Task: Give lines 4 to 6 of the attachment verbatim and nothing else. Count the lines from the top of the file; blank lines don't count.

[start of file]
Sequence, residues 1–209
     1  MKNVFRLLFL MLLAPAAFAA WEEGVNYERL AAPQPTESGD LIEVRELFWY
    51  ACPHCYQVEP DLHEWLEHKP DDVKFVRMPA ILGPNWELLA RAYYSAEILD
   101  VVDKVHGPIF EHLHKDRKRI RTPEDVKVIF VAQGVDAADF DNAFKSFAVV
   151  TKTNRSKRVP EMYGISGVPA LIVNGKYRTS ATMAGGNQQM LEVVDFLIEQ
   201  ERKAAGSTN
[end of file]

   101  VVDKVHGPIF EHLHKDRKRI RTPEDVKVIF VAQGVDAADF DNAFKSFAVV
   151  TKTNRSKRVP EMYGISGVPA LIVNGKYRTS ATMAGGNQQM LEVVDFLIEQ
   201  ERKAAGSTN